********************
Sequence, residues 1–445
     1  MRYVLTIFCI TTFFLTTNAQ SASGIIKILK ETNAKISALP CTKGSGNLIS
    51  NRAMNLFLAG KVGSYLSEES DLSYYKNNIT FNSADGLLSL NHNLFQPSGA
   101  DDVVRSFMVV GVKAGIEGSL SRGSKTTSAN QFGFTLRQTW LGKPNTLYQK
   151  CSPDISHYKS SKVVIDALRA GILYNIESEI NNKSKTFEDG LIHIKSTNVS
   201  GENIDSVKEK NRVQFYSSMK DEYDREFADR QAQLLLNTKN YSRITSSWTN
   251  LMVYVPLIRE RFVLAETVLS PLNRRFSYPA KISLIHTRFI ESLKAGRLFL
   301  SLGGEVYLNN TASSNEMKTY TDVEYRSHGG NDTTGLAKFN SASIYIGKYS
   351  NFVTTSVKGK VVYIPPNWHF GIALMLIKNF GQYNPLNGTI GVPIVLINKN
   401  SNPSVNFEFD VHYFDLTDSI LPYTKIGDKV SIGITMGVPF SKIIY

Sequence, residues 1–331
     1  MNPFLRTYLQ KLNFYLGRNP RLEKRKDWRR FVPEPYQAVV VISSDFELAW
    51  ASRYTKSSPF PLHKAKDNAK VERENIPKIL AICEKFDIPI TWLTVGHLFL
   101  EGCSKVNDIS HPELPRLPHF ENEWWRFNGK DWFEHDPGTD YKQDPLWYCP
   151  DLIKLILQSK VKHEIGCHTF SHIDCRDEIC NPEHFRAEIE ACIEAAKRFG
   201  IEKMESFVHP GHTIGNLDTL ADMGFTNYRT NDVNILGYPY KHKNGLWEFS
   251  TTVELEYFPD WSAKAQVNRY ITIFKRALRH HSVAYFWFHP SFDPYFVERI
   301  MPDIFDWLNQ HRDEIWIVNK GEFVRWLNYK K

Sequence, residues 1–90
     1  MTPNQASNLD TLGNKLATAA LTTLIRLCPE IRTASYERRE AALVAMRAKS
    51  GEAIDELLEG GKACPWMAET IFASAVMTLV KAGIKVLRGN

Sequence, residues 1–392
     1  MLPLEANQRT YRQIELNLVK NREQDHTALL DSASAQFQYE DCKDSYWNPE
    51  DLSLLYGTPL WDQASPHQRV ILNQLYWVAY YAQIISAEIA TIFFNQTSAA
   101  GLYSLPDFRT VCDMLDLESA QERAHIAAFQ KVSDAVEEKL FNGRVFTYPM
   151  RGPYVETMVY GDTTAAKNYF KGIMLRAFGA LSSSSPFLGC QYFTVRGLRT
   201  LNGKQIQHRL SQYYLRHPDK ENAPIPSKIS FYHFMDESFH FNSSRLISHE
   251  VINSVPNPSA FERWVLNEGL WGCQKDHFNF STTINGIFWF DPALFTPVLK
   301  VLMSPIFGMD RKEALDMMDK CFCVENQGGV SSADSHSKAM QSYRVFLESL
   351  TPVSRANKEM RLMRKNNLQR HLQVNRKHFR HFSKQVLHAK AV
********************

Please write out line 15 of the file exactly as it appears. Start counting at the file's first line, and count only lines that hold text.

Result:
   151  DLIKLILQSK VKHEIGCHTF SHIDCRDEIC NPEHFRAEIE ACIEAAKRFG